The following is one of three checklists to accompany Jonathan Hassell's webcast New security enhancements in Windows...
By submitting your email address, you agree to receive emails regarding relevant topic offers from TechTarget and its partners. You can withdraw your consent at any time. Contact TechTarget at 275 Grove Street, Newton, MA.
Server 2003 SP1, available now. Other checklists in this series include:
The Security Configuration Wizard (SCW) in Windows Server 2003 SP1 includes the Scwcmd.exe command-line tool. This versatile tool can perform many tasks you can automate using scripts or batch files. Here, I'll briefly outline the most common tasks you will want to perform using SCWCMD.
|Checklist: How to use command-line features in Security Configuration Wizard|
|Configure servers with a policy|
|The most basic use of the command-line tool is to configure one or many servers with an SCW-generated policy. You can apply a policy to the current machine, to a remote machine|
|using either its NetBIOS name or IP address, or to an entire organizational unit's machines. For example, to apply the machine.xml policy to the current computer, simply use:|
|scwcmd configure /p:machine.xml|
|To apply the policy to all of the machines in the File Servers organizational unit (OU) within Company.com, you need to use the full LDAP name within the arguments of the command.|
| It should look something like this:
Scwcmd configure /ou:OU=FileServers,DC=company,DC=com /p:machine.xml
|Analyze machines for policy compliance|
|You can also analyze a machine, a list of servers or an entire OU with an SCW-generated policy. For example, to analyze your SQL Server machine with the sqlserver.xml policy, use:|
|scwcmd analyze /m:SQLservername /p:sqlserver.xml /u:administrator|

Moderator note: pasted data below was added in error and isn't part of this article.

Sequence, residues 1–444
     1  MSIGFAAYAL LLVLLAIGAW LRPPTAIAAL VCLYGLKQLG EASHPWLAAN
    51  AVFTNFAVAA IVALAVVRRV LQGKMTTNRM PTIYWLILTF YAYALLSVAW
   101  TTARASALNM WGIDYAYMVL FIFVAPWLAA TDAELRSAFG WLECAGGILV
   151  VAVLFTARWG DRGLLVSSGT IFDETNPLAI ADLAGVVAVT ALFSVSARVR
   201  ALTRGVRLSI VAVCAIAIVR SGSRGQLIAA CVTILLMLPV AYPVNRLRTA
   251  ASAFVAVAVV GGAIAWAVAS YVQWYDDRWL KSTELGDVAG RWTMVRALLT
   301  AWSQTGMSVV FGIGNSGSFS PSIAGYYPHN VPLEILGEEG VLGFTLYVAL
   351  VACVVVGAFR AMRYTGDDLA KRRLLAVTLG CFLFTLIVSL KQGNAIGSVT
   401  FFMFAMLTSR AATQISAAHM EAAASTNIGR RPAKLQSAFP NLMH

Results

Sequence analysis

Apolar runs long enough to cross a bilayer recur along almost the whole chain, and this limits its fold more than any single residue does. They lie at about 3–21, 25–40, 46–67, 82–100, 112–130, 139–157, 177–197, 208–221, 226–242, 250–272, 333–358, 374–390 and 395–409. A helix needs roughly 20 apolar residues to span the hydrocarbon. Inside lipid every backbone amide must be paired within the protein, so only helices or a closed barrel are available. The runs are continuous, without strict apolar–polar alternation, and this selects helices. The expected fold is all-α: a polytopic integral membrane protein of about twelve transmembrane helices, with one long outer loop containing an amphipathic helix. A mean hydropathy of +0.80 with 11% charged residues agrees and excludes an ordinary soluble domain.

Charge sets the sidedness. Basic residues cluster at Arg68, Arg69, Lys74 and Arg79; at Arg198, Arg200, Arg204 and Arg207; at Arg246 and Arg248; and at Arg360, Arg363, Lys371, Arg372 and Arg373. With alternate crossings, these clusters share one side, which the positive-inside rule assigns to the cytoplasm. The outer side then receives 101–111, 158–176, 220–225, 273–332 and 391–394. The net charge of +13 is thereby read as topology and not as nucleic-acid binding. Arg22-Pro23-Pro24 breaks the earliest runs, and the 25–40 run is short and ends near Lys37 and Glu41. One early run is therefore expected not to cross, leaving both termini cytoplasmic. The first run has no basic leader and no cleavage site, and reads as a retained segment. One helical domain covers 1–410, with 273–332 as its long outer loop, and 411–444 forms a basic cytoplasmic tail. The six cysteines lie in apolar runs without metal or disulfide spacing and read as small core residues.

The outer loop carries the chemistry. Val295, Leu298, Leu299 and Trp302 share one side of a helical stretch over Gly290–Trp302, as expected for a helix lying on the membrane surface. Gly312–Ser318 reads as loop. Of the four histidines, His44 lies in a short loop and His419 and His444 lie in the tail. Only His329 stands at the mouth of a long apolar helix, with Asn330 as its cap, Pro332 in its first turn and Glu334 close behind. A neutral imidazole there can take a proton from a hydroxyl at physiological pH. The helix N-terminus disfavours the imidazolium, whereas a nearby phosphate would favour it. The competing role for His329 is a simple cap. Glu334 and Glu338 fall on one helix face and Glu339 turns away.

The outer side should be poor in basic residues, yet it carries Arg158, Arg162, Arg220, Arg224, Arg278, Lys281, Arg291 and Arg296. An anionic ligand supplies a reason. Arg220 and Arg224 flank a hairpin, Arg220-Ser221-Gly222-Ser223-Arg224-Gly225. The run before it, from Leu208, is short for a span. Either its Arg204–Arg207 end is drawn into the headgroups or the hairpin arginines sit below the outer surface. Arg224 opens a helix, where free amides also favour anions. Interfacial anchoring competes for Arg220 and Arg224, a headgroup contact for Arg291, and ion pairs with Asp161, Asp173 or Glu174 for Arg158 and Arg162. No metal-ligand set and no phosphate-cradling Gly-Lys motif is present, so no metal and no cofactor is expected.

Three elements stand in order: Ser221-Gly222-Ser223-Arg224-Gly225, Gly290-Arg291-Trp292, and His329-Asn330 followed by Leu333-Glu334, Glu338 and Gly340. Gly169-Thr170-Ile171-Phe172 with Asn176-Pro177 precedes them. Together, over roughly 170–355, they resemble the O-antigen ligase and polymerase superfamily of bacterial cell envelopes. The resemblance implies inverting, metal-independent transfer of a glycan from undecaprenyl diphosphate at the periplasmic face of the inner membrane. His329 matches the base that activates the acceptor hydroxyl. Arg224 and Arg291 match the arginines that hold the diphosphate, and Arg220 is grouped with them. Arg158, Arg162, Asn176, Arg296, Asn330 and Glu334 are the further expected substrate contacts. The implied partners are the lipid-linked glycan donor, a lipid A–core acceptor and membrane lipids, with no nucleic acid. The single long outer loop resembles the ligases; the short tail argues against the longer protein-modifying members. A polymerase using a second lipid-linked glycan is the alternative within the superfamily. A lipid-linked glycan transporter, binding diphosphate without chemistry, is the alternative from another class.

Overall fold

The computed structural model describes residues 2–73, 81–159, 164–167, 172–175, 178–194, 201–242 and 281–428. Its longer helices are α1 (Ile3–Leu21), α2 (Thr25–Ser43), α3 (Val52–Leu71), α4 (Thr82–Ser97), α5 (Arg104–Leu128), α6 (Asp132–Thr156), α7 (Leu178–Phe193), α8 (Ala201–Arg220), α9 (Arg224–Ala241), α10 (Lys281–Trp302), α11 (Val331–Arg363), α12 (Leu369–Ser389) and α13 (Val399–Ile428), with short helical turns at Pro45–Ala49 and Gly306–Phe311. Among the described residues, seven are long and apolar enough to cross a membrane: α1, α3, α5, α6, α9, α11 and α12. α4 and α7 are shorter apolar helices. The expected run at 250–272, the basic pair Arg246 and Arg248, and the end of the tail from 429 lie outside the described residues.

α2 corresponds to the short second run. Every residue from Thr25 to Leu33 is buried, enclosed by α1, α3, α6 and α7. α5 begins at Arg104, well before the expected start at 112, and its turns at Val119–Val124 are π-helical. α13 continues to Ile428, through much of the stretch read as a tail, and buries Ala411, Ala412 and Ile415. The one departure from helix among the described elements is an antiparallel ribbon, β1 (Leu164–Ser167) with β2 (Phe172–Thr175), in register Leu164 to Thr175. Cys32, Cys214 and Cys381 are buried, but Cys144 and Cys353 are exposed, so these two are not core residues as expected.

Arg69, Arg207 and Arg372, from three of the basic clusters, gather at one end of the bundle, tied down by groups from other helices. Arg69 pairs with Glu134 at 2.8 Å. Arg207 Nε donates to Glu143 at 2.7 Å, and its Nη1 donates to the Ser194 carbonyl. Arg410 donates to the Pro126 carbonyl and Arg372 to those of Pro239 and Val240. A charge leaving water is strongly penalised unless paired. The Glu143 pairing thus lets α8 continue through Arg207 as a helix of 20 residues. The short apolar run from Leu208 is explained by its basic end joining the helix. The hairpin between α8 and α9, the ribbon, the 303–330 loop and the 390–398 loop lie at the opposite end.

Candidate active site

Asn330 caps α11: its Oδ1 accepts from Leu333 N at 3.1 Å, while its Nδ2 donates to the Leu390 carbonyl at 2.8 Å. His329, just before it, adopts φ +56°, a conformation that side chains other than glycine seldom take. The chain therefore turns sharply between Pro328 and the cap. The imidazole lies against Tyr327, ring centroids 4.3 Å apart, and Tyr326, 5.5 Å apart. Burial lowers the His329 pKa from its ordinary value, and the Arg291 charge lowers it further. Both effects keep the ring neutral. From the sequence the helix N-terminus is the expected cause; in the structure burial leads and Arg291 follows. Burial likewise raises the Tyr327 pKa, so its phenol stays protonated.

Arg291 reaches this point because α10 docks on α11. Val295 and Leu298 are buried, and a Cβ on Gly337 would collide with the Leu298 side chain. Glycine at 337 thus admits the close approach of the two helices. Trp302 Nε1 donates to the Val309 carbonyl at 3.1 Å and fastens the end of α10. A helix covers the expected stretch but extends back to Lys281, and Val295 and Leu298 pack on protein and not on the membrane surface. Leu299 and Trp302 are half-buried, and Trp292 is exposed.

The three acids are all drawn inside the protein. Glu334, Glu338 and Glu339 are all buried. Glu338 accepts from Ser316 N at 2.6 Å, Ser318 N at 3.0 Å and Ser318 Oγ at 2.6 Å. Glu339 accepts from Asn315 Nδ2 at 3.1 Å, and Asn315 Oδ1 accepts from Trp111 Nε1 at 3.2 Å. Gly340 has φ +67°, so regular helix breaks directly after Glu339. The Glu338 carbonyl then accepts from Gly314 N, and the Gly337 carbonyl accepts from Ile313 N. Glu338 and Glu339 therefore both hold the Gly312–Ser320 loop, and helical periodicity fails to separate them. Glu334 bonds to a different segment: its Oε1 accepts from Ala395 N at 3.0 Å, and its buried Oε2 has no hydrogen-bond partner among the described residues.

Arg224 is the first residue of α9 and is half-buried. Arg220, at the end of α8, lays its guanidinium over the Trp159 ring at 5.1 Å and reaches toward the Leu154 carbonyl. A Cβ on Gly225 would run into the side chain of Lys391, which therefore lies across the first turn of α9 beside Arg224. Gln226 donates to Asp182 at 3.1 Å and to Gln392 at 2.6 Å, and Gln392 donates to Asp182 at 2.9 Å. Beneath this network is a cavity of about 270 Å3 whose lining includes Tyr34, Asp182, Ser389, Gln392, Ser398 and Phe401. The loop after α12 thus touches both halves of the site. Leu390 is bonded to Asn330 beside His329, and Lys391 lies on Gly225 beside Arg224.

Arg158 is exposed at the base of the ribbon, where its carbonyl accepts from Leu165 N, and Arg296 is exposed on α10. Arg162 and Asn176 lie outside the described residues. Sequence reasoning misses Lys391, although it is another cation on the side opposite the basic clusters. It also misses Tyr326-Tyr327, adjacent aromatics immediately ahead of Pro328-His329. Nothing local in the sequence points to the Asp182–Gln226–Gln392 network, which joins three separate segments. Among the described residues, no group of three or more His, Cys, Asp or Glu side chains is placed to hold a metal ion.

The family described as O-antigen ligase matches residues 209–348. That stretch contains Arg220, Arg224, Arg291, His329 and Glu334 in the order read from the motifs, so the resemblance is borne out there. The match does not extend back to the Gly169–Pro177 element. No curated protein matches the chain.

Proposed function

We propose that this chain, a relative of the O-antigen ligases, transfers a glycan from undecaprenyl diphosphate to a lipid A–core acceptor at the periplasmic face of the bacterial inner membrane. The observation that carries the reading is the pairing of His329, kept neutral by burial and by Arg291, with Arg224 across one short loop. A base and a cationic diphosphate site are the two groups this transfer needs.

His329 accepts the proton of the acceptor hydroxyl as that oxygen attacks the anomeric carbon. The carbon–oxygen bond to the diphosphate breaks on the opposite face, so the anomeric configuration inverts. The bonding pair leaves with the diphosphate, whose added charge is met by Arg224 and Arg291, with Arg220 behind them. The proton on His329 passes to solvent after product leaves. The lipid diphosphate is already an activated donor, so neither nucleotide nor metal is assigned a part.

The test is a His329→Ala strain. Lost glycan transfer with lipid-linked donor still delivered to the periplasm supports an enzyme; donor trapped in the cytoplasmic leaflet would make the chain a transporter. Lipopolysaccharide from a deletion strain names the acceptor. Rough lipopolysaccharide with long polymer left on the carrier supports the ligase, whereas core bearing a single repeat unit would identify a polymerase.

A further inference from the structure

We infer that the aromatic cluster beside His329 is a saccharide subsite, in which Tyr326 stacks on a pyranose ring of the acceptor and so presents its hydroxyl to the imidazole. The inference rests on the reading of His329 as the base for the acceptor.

|To analyze the SQL Server OU, use the following. Note that the entire LDAP name needs to be used when specifying Active Directory-based containers with this command:|
|scwcmd analyze /ou:OU=SQLServers,DC=company,DC=com /p:sqlserver.xml /u:administrator|
|The results of running this command are returned to an XML file generated by the wizard, which you can view using another option in SCWCMD. I'll demonstrate that below.|
|Roll back SCW policies|
|If you make a mistake and need to "undo" a policy application on either a local or remote machine, you can use the command-line tool to get the machine back up quickly.|
|You can also use the /u switch to perform the operation using another user's credentials, if yours aren't sufficient on a remote machine.|
| For example, to roll back a policy on the machine R2B2SRV1, use:
scwcmd rollback /m:R2B2SRV1 /u:administrator
| You can also use an IP address if you aren't sure of the friendly name of a machine:
scwcmd rollback /m:192.168.2.2 /u:localadmin
|View analysis results|
|You can use the scwcmd view command to render the raw XML results file that the wizard generates with an XML transform file that makes the results easier to read. The directory|
|%windir%\security\msscw\transformfiles contains .xsl transform files, which are applied to the .xml policy file for the rendering process. To view a policy file, use this syntax:|
|scwcmd view /x:policyfile.xml /s:policyview.xsl|
Windows Security Checklists offer you step-by-step advice for planning, setting up and hardening your Windows security infrastructure. E-mail the editor to suggest additional checklist topics.
More from SearchWindowsSecurity.com
|ABOUT THE AUTHOR: Go back to Checklists|
|Jonathan Hassell is an author, consultant and speaker residing in Charlotte, North Carolina. Jonathan's books include RADIUS and Learning Windows Server 2003 for O'Reilly Media and Hardening Windows for Apress. His work is seen regularly in popular periodicals such as Windows IT Pro Magazine, SecurityFocus, PC Pro and Microsoft TechNet Magazine. He speaks around the world on topics including networking, security and Windows administration.|